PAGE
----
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New York Times / Redefining American Beauty, by the Yard / By Patricia Leigh Brown / pp D1 - D7 / July 13th, 2006

LAKEWOOD, Calif. — When Cecilia Foti, a seventh grader at the Bancroft Middle School here, was asked to write a "persuasive" essay for her English class in the spring semester, she did not choose a topic deeply in tune with her peers — the pros and cons of school uniforms, say, or the district’s retro policy on chewing gum and cell phones.

Instead, she addressed the neighbourhood’s latest controversy: her family’s front yard. "The American lawn needs to be eradicated from our society and fast!" she wrote, explaining that her family had replaced its own with a fruit and vegetable garden. She argued for the importance of water conservation, the dangers of pesticides and the dietary benefits and visual appeal of an edible yard. "Was the Garden of Eden grass?" she reasoned. "No."

In this quintessential 1950s tract community about 25 miles southeast of downtown Los Angeles, the transformation of the Foti family’s front yard from one of grass to one dense with pattypan squash, cornstalks, millionaire eggplants, crimson sweet watermelons, dwarf curry trees and 195 other edible varieties has been startling.

"The empty front lawn requiring mowing, watering and weeding previously on this location has been removed," reads a placard set amid veggies in oval planting beds at the street.

The sign is a not-so-subtle bit of propaganda proclaiming the second and most recent installment of Edible Estates, an experimental project by Fritz Haeg, a 37-year-old Los Angeles architect and ersatz Frederick Law Olmsted. The project, which he inaugurated on the Fourth of July weekend in 2005 in a front yard in Salina, Kan., is part of a nascent "delawning" movement concerned with replacing lawns around the country with native plants, from prairie grasses in suburban Chicago to cactus gardens in Tucson.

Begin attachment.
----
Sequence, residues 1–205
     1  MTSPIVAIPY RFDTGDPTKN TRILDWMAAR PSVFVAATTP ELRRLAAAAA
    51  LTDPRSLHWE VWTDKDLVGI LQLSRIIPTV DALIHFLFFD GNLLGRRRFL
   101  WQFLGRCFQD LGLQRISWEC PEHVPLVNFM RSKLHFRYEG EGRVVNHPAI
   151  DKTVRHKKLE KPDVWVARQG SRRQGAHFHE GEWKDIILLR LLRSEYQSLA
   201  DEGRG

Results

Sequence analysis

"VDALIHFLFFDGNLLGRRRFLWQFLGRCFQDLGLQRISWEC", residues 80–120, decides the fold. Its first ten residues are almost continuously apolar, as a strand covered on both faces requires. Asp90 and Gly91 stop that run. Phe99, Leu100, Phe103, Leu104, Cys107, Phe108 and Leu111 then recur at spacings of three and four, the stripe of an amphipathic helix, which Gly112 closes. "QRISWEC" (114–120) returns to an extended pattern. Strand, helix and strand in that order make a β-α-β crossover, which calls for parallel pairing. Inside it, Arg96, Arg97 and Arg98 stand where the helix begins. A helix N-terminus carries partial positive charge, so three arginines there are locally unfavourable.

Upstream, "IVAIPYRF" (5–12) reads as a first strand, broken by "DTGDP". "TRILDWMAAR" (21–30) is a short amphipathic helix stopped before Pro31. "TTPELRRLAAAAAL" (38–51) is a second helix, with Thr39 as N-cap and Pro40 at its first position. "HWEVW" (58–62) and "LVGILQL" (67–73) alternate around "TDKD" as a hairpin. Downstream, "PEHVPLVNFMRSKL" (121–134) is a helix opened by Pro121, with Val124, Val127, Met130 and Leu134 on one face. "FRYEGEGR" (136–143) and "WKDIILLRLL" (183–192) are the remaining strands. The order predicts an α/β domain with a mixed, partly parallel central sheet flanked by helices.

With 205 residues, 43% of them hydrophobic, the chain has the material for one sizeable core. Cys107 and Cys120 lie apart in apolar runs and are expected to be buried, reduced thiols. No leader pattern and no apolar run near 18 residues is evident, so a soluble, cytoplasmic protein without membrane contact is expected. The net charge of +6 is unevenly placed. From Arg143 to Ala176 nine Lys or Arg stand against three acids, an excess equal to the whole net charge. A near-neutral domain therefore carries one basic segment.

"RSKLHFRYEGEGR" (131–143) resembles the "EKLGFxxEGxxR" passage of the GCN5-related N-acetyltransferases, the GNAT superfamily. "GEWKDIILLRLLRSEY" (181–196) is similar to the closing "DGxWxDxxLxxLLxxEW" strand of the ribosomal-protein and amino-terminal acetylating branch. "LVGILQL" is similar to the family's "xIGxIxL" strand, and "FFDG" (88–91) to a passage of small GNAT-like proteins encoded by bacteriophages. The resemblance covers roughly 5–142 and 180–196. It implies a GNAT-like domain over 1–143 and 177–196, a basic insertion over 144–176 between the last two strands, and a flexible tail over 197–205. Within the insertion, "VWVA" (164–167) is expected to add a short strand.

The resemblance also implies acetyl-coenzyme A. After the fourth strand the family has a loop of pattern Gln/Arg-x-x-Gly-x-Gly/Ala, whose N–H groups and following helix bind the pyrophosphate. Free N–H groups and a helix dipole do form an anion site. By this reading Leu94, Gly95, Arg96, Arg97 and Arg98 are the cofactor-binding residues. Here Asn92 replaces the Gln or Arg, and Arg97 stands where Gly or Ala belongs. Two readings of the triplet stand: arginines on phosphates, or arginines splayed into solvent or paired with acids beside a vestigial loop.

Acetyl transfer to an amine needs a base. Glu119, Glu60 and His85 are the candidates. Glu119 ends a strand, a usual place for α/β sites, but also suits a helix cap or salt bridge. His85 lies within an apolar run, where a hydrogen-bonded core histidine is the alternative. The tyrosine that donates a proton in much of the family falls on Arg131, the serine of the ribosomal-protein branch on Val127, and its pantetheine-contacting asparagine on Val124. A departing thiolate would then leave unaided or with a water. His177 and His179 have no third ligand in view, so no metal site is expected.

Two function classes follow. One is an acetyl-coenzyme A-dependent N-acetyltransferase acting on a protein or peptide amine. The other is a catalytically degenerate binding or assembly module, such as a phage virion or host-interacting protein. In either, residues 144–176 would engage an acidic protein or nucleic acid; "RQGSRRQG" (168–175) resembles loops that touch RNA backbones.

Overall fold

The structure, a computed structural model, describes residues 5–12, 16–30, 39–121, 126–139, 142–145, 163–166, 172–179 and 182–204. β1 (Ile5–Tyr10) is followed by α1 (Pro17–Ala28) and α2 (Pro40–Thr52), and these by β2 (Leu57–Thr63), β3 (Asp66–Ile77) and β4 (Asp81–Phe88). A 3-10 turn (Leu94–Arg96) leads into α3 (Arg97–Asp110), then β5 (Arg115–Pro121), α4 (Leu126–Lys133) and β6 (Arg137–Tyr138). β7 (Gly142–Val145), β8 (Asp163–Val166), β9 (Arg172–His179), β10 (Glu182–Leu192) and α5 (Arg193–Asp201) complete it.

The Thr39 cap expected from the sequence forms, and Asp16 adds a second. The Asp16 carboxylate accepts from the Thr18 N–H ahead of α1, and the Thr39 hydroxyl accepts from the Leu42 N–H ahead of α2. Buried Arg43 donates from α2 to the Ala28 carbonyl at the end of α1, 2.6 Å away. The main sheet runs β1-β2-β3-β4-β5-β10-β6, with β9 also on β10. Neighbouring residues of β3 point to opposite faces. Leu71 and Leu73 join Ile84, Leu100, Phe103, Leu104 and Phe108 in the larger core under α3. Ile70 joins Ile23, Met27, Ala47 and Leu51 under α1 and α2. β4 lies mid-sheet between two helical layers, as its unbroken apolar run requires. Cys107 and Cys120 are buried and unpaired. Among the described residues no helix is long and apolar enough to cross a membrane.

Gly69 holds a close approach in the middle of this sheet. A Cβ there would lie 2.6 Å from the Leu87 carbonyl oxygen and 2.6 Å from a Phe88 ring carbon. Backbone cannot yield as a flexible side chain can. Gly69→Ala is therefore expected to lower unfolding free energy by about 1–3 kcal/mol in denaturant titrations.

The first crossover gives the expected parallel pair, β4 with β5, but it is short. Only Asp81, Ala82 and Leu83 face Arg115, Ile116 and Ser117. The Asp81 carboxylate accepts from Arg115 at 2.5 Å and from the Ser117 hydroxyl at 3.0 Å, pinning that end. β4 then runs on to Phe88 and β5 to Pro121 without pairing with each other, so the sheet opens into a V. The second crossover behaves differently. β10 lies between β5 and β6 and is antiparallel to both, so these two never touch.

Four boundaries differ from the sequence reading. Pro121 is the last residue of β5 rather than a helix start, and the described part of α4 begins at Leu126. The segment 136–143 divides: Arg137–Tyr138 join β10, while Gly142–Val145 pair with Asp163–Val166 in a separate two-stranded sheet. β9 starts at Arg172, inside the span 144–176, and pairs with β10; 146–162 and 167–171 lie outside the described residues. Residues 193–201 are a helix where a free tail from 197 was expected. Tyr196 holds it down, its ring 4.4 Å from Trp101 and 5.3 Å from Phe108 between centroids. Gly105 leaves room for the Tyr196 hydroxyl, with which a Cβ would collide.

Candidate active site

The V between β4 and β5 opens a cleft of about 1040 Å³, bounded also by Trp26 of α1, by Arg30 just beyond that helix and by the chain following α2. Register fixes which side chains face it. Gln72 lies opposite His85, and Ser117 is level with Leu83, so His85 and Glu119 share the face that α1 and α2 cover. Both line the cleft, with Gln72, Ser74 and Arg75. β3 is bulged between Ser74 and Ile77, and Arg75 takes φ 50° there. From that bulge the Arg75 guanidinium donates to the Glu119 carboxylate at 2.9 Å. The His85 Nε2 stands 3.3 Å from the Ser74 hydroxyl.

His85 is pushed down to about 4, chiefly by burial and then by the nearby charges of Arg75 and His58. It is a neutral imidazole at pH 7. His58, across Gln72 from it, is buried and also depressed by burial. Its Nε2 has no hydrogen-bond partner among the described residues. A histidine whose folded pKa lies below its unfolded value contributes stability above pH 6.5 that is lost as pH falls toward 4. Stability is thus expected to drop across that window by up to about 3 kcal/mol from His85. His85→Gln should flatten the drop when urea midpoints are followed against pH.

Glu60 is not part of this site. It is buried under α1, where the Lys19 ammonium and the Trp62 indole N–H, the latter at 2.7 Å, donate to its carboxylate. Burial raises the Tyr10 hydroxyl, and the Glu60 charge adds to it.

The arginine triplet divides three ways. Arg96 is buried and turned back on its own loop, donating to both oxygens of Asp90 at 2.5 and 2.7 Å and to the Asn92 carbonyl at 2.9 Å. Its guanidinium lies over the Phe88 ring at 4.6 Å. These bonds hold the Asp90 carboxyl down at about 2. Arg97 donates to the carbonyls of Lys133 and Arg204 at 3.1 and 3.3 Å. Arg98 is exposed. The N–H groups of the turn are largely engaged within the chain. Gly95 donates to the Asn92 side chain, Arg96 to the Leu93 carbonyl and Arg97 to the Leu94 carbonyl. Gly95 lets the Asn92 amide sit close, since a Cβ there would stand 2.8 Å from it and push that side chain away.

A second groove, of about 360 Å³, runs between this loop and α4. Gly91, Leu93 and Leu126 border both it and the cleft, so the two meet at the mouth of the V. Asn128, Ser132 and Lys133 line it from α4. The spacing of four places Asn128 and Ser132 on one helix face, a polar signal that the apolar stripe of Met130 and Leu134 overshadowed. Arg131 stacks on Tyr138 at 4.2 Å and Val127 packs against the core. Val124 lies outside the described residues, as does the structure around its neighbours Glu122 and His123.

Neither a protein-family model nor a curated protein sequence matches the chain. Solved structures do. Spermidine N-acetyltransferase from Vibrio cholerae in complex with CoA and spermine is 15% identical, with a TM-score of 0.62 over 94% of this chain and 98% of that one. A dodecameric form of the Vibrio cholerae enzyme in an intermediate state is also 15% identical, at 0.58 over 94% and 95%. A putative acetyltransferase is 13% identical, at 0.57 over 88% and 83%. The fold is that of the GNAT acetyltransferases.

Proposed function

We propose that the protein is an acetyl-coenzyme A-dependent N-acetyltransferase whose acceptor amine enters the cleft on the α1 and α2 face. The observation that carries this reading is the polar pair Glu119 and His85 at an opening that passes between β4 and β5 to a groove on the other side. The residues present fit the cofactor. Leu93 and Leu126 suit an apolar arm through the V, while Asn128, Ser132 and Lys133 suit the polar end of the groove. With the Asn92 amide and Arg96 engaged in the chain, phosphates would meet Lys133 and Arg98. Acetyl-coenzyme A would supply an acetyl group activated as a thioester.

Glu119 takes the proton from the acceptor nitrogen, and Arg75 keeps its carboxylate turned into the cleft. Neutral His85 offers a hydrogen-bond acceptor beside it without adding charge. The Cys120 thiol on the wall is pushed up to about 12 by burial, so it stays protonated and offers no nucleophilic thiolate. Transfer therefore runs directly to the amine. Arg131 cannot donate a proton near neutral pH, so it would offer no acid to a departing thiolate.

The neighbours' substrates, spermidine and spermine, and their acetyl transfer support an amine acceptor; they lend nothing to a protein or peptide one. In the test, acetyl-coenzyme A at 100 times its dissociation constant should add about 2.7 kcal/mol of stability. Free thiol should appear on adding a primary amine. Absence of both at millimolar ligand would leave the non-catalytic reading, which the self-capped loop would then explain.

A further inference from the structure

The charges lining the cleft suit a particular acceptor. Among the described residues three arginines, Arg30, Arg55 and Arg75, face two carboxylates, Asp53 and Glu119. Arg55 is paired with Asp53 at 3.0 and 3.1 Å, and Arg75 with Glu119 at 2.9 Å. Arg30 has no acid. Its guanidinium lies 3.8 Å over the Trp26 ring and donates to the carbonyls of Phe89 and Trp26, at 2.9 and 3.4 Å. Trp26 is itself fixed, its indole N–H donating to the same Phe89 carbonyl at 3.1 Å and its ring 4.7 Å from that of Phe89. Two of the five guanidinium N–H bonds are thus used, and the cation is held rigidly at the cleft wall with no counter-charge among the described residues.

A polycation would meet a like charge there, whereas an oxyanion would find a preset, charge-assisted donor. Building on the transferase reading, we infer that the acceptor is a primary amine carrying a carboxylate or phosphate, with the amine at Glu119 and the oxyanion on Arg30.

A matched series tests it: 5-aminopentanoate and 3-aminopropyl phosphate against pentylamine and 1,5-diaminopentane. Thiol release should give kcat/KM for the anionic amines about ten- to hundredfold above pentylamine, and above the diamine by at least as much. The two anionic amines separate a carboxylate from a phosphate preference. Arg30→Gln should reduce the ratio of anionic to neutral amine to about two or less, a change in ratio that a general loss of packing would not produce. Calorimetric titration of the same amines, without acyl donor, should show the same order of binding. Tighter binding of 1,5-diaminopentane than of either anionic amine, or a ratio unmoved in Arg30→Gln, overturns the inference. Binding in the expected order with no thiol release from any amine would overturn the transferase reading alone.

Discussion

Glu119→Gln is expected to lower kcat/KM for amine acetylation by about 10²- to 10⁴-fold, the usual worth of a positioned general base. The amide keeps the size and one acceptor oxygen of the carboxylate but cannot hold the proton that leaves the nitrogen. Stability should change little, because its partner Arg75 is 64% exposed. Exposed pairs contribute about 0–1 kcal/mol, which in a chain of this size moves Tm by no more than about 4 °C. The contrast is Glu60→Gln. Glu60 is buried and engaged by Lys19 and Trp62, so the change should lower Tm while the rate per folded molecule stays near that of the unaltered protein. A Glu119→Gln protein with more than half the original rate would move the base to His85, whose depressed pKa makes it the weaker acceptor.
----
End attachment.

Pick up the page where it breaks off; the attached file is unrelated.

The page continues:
It is a kind of high-minded version of Extreme Makeover: Home Edition. As Haeg put it, "It’s about shifting ideas of what’s beautiful. "It’s about what happens on that square of land between the public street and the private house."

The Fotis volunteered for the project after reading about it in early 2006 at, an environmental website. Cecilia’s father, Michael Foti, a 36-year-old computer programmer and avid gardener who raises chickens in the backyard, was eager to put his environmental politics into practice.

"I am looking to think differently about this space," Foti said. "I want to look outward rather than inward."

The delawning was accomplished over Memorial Day weekend by a SWAT team of 15 recruits who read about the project on Haeg’s website. Haeg arrived armed with three rented sod cutters , a roto-tiller and a dozen rakes and shovels, and within three days the yard was transformed.

The new garden has caused much rumbling in the neighbourhood where colourful windsocks and plastic yard butterflies prevail. Some neighbours fret about a potential decline in property values, while others worry that all those succulent fruits and vegetables will attract drive-by thieves — as well as opossums and other vermin.